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Editorial: Sudden Mt. Kusatsu-Shirane eruption highlights volcanic dangers

One Japanese Self-Defense Force member died and 11 people were injured, including ski resort visitors, following the recent eruption of Mount Motoshirane, part of the Mount Kusatsu-Shirane stratovolcano on the border between Nagano and Gunma prefectures.

There were no warning signs that the eruption could occur, with the threat level remaining at the lowest level of 1 when it struck. The disaster was a stark reminder of the difficultly in predicting volcanic eruptions.

Mount Kusatsu-Shirane is the collective name for Mount Shirane, Mount Motoshirane and Ainomine peak. It is one of 50 volcanoes in Japan that is monitored around the clock by the Japan Meteorological Agency (JMA).

The agency, however, had focused most of its attention on Mount Shirane, as this peak had been active, having seen a phreatic eruption in 1983. Mount Motoshirane, which lies about 2 kilometers south of Mount Shirane, on the other hand, had apparently not erupted for 3,000 years, and there was no monitoring camera on the mountain.

Immediately after the eruption, the Gunma Prefecture town of Kusatsu reported the information to the JMA, but the agency faced difficulties confirming this, and was unable to issue a flash report informing people on the mountain of an eruption.

Officials must take a renewed look at their monitoring and warning system, placing priority on ensuring the safety of people on the mountain. We understand that budgets are limited, but we hope that efforts will be made to boost video monitoring of volcanoes across the Japanese archipelago.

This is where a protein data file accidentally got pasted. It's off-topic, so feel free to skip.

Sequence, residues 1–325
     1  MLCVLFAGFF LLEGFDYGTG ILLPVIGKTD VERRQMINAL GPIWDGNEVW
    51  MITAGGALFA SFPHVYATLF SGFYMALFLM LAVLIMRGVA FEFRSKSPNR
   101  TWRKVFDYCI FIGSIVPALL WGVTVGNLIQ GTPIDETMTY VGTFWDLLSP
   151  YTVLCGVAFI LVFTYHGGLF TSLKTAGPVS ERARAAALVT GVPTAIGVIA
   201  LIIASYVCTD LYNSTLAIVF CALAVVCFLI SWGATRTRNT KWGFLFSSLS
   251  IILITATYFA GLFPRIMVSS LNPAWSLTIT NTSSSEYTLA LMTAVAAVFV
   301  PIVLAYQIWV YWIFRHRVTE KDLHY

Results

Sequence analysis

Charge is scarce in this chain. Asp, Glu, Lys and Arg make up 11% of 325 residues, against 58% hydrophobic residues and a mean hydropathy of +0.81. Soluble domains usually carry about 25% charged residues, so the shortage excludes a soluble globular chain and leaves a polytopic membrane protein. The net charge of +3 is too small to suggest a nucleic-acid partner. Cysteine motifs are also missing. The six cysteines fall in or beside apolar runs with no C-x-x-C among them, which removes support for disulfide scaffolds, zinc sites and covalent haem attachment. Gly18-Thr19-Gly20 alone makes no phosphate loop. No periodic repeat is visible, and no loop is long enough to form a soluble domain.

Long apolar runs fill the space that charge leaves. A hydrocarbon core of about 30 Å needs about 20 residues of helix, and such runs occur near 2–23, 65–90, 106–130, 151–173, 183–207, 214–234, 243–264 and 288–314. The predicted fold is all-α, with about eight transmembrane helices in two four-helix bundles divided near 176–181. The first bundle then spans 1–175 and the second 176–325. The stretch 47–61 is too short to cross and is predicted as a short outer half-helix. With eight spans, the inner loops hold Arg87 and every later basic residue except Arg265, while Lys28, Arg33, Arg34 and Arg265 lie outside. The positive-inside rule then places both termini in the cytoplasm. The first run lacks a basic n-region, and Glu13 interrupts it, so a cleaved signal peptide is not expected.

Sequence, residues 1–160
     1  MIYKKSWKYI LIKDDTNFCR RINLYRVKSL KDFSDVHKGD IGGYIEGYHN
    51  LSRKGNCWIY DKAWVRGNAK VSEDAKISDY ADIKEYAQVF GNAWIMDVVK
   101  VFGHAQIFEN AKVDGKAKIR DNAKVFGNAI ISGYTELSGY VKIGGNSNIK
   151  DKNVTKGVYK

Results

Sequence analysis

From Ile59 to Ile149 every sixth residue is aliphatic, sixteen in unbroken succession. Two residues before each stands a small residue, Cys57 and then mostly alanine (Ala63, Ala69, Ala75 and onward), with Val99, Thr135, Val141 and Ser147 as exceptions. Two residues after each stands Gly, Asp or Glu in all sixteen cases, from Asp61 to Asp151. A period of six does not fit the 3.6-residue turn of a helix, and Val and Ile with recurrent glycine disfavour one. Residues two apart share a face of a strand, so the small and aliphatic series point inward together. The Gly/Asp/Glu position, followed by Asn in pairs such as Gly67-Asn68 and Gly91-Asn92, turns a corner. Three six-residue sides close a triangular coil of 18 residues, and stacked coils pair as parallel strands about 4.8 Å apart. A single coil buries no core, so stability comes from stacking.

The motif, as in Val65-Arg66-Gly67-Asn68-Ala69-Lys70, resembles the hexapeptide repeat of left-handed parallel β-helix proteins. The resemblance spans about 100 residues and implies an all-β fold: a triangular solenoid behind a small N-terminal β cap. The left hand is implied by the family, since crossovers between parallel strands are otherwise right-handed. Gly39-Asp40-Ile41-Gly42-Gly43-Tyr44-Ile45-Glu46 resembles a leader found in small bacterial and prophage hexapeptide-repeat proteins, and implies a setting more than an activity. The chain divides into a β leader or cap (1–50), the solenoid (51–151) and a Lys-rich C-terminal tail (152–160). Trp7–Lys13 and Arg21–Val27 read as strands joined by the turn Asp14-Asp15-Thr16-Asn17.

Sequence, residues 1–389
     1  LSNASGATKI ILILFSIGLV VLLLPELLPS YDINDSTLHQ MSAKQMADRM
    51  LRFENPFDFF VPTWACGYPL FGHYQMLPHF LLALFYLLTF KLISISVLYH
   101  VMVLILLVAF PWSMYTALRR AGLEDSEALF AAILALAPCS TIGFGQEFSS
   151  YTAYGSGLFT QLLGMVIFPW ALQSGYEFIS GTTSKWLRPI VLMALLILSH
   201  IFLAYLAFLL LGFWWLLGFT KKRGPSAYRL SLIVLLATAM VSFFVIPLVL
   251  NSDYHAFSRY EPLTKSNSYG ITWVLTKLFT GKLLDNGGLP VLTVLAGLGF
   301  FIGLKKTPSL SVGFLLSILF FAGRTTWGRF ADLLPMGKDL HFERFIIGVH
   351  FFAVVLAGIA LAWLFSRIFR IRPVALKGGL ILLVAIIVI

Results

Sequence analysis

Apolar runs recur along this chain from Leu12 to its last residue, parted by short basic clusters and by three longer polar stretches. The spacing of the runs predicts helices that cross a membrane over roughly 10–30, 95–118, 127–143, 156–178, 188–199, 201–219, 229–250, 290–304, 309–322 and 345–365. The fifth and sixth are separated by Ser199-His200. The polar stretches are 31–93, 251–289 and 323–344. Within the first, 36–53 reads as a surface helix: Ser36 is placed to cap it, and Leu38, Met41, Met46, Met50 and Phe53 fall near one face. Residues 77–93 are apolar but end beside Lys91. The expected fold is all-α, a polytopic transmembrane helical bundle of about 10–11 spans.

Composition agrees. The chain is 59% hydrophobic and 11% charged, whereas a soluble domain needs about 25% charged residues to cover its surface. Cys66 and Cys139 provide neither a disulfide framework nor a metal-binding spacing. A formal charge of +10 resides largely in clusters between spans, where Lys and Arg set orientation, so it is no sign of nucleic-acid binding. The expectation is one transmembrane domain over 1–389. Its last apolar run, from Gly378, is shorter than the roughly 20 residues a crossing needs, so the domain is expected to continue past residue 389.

If a larger eruption of Mount Kusatsu-Shinae occurs, then hot ejecta could trigger a snowmelt-type volcanic mudflow. The town of Kusatsu has already produced a hazard map of areas that could be hit by a mudflow, but this is based on an eruption of Mount Shirane alone. Officials should quickly produce a hazard map for Mount Motoshirane as well.

Learning a lesson from the deadly eruption of Mount Ontake in 2014, the Act on Special Measures for Active Volcanoes was revised, and local bodies where 50 volcanoes are constantly monitored were required to form evacuation plans that extended to tourists in those areas. On the whole, however, local bodies have been slow in the formulation of such plans, with Kusatsu yet to formulate one.

The hot spring resort of Kusatsu lies beyond the areas on the alert for falling volcanic rocks, but the town was hit with a stream of inquiries from people with reservations in the area. Providing accurate information on the volcanoes and formulating evacuation plans should help curb damage from harmful rumors.

There are 111 volcanoes in Japan. It is not unthinkable for an emergency situation to occur around any of them in the future. Local bodies and related organizations need to prepare for sudden eruptions and make an effort to boost monitoring systems and formulate evacuation plans.

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